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Donald Trump looks on during a rally at the Waco Regional Airport on March 25, 2023 in Waco, Texas. Brandon Bell/Getty Images

A Manhattan federal court jury Tuesday afternoon found former President Donald Trump sexually abused advice columnist E. Jean Carroll in the dressing room of a luxury department store in Manhattan in the 1990s. 

The panel also found Trump defamed Carroll in a statement years after the 1996 assault — but cleared him of a rape allegation in the suit filed in 2019.

The panel of six men and three women awarded Carroll a total of $5 million in damages.

The anonymous jurors had to determine it was more probable than not that sexual abuse had occurred to find Trump liable — a standard of proof in civil trials known as the "preponderance of the evidence."

In her 2019 lawsuit, Carroll alleged Trump raped her in a dressing room in Bergdorf Goodman department store after the two ran into each other in a chance encounter at the shop in 1996. 

Carroll alleged Trump pinned her to the wall with his shoulder during the sexual assault that lasted a few minutes. 

In her testimony at the trial, the 79-year-old former Elle Magazine columnist told jurors that she was compelled to speak out against the former president in an effort to repair her reputation after he claimed the assault never happened.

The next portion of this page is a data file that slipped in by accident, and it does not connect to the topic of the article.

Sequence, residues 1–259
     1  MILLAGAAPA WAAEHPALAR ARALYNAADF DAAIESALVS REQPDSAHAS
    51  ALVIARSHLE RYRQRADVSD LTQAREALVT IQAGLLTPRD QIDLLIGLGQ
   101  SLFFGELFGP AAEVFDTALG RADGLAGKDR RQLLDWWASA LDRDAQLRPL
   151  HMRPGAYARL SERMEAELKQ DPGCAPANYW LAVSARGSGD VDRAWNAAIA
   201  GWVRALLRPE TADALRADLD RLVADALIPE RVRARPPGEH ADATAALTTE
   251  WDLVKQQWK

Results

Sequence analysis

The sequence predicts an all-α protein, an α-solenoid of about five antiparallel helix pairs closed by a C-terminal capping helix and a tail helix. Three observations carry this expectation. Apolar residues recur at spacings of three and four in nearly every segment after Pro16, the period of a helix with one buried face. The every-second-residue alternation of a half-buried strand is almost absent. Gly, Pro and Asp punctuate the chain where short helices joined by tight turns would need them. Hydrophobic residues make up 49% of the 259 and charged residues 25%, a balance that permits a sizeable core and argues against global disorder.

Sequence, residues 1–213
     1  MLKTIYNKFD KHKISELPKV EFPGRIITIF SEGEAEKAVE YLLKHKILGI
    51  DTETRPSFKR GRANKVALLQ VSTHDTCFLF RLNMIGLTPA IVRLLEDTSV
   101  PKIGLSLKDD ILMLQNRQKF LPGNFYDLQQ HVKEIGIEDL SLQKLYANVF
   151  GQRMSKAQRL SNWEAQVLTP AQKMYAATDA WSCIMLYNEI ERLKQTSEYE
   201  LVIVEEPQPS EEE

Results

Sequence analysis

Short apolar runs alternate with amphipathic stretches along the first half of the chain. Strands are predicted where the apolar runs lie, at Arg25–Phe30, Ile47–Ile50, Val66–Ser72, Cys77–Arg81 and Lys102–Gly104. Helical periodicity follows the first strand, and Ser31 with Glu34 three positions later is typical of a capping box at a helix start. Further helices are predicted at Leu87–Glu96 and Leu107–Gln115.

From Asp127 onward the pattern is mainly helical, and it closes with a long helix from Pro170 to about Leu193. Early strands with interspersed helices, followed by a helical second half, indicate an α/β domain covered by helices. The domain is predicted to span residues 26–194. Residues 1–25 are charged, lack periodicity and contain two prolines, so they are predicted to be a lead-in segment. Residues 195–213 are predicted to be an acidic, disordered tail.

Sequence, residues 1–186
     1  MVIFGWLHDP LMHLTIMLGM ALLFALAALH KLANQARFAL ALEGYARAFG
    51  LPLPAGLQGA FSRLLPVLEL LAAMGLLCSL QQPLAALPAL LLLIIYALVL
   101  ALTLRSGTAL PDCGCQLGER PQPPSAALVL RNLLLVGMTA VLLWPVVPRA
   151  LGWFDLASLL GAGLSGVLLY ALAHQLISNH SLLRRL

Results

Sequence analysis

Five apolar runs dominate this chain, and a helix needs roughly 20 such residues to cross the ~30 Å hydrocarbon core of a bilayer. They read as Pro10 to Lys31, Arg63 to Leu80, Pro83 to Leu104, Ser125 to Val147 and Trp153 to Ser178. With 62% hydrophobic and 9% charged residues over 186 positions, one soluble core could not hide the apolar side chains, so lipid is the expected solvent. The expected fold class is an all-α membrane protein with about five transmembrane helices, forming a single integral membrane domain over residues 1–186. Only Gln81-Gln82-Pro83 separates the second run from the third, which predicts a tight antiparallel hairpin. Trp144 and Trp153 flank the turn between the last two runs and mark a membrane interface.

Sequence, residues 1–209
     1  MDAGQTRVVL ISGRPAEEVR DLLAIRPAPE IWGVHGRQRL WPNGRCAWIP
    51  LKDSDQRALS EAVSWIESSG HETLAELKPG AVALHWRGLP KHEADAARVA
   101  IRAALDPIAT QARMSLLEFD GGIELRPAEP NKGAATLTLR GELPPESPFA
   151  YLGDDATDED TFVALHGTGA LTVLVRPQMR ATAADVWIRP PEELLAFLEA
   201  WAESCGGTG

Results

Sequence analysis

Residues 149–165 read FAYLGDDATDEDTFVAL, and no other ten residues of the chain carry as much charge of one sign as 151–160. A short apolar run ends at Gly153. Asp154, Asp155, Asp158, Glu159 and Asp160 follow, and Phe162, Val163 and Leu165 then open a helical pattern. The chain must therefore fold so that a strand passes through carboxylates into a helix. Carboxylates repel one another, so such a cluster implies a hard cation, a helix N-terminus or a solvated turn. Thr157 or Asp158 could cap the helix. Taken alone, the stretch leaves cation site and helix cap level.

​​“I’m here because Donald Trump raped me, and when I wrote about it, he said it didn’t happen. He lied and shattered my reputation, and I’m here to try and get my life back,” she said on the witness stand. 

Two other Trump accusers, journalist Natasha Stoynoff and Jessica Leeds, also testified during the trial about how Trump had allegedly forcibly kissed and touched them in separate encounters. 

Jurors also heard the so-called “Access Hollywood” tape in which Trump, speaking on a hot mic, bragged about groping women and told a television host that celebrities can do so without consequence. 

Trump’s behavior amounted to a “modus operandi” of his unwanted sexual encounters with women, E. Jean Carroll’s attorney, Robbie Kaplan, told jurors in her closing argument Monday. 

The former president would approach women in semi-public places and then “lung” at them, Kaplan told jurors. He would then lash out at women if they spoke up about the abuse, she said. 

“Donald Trump has an MO,” Kaplan told jurors. “If the woman later speaks up, he lies about it. He demeans her. He insults her,” she said. 

Trump, who is running for president for a third time, has fervently denied Carroll’s allegations since they were first published in New York Magazine in 2019. 

Throughout the trial Trump attorney Joe Tacopina sought to undermine Carroll’s claims – and argued in his closing statement that she had concocted the story in an effort to sell books. 

“This is an absolutely outrageous case,” Tacopina told the panel. 

Carroll “abused this system by bringing a false claim for amongst other things money,” he added.

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